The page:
The OSTEOARTHRITIS DEPARTMENT => KNEE ARTHRITIS - Articular cartilage repair => CARTILAGE REPAIR - ACI & MACI (autologous/matrix-induced autologous chondrocyte implantation) => Topic started by: LisaWilliams38 on February 15, 2016, 11:27:01 PM

Title: 10 Weeks out & ACI Post-Op Problems: Did your Dr. allow NSAIDS before 12 wks
Post by: LisaWilliams38 on February 15, 2016, 11:27:01 PM
For anyone who had Carticel/ACI Surgery....I'm 10 weeks out from my Dec. 8, surgery. Were any of you allowed to take an anti-inflammatory/NSAID to help with swelling? My Dr has said no anti inflammatories/NSAIDS before the 12-week mark, as it impedes the growth of  new cells. However, I can't find ANYTHING about this online or in the Carticel paperwork. I plan on asking in 3 days at my 10 week post-op appointment.

Why I'm asking: Temendous problems with continued swelling & flexion limitations (stuck at 112 degrees since week 6, highest I ever achieved was 115). An NSAID would help tremendously, as we've proven 3-4X in the past,  where 2 of the surgeries were ones he performed & prescribed the NSAID.

Lastly, this was surgery #6 on this knee. I had a 2.5 cm by 1 cm lesion on my medial femoral condyle that was NOT there in any form/fashion in 2013--last surgery where surgeon used Biocartilage to fix 2 tiny Grade 3 holes. Flexion is always slow to come back (all other surgeries were arthroscopic--this was my first open incision). My PT said it would be a marathon, but my PT is brutal at each visit, spending 30 minutes "stretching," cranking on it to improve the bending. Nothing has worked. I wonder if he is keeping it inflamed. His overall expectation is 120 degrees of flexion by Month 4 or 5. I have trusted him so far, as few other PTs in this area have expertise in rehab ACI protocol. I really like him & his partners, except for the thought of 2-3 more months of sheer "bending hell" 3X a week.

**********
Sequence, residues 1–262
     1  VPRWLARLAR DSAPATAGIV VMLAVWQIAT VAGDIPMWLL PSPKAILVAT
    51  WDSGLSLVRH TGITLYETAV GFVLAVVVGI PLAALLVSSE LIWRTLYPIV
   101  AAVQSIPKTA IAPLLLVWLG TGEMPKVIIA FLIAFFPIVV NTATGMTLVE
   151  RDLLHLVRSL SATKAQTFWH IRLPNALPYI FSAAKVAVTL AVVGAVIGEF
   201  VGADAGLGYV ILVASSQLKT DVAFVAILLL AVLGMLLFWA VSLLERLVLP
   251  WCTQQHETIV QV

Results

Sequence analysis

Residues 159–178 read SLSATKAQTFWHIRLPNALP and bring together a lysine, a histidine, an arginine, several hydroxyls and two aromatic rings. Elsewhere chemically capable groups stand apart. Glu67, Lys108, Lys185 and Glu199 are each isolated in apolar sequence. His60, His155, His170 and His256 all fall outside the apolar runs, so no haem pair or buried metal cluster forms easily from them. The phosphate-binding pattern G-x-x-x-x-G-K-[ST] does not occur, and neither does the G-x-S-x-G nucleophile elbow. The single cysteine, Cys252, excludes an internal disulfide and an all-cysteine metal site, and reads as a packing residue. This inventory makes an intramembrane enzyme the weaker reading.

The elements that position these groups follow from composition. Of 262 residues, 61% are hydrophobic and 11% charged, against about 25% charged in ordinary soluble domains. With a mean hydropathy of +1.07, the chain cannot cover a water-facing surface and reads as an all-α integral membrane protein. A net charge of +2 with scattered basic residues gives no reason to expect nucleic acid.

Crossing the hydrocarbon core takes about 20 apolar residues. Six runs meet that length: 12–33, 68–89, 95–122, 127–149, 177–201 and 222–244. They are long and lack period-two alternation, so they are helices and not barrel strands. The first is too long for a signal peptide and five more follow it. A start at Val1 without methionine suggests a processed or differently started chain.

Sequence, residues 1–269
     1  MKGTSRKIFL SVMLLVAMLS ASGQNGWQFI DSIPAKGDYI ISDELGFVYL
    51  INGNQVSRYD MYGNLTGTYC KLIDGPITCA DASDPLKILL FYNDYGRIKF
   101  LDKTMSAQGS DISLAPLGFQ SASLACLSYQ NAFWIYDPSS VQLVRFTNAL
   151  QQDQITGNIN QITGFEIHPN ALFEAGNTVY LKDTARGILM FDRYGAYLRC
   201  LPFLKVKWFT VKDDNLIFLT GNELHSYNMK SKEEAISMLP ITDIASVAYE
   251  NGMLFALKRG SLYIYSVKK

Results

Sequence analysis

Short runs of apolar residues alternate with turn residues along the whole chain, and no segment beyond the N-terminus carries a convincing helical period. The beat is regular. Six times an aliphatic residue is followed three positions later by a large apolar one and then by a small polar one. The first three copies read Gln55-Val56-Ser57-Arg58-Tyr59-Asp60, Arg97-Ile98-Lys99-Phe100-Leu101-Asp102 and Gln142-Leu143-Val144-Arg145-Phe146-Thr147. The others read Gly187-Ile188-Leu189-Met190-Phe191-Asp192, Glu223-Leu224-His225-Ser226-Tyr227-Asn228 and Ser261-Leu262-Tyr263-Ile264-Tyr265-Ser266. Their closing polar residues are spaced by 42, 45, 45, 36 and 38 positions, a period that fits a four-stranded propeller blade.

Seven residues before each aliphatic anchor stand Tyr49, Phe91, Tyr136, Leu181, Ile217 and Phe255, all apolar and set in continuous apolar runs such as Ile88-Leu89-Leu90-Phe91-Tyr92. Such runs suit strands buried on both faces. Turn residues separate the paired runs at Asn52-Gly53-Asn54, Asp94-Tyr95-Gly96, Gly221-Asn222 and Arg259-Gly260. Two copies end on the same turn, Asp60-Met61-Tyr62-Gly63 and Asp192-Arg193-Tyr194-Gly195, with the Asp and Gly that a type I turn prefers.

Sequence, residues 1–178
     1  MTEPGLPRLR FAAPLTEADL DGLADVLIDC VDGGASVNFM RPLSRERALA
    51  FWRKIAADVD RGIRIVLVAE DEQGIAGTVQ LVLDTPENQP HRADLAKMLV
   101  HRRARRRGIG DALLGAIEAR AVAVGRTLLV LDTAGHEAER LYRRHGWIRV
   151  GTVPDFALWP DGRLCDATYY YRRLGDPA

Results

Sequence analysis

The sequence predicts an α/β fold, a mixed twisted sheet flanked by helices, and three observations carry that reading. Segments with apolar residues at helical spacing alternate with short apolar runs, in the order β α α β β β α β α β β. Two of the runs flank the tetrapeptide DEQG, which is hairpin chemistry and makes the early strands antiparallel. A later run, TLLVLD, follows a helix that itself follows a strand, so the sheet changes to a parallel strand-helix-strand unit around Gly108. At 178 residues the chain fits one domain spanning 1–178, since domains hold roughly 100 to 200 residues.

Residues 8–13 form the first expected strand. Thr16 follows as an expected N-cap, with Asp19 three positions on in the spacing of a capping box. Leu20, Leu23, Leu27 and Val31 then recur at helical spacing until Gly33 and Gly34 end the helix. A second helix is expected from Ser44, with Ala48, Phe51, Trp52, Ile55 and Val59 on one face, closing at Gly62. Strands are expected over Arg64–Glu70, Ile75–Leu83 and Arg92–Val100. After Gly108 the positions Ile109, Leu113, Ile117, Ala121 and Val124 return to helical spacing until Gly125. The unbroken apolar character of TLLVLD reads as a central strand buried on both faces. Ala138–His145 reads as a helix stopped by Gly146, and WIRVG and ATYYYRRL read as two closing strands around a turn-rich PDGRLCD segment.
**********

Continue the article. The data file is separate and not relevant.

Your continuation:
For the record, I have a high pain tolerance. After 7 other knee surgeries, plus a bad back from a car accident in college (no one knows really because I manage it quietly, don't complain), I get kudos constantly from my surgeon, my massage therapist, plus numerous other PTs over the years complimenting my high pain tolerance and how it's a detriment, as I wait too long to get help.

 My Dr. & his PA keep telling me to take the narcotics or I won't get the ROM back. I'm down to 4 Percocet a day, and that's even after going to using only 1 crutch the last 5 days. Yet, the PT is brutal & the worst pain I've ever felt in my life. I don't see other ACI blogs/ diaries describing this, so what's so different about me?
Title: Re: 10 Weeks out & ACI Post-Op Problems: Did your Dr. allow NSAIDS before 12 wks
Post by: poohray32 on February 21, 2016, 03:36:51 AM
Hi Lisa, I didn't have ACI (Carticel) surgery but had Cartiform (osteochondral allograft transplant) and was told the same thing you were told.  No NSAIDs because it slows down the integration of new cells/cartilage growth.  At my last follow up I asked my doctor if I had a migraine could I take an aleve (naproxen) and he said that would be okay.  I too, have been in a lot of pain and mentioned to my PT about not being able to take any anti inflammatories and she gave me a portable tens unit w/IVF for pain and inflammation.  It was covered by my insurance so definitely ask your therapist about that.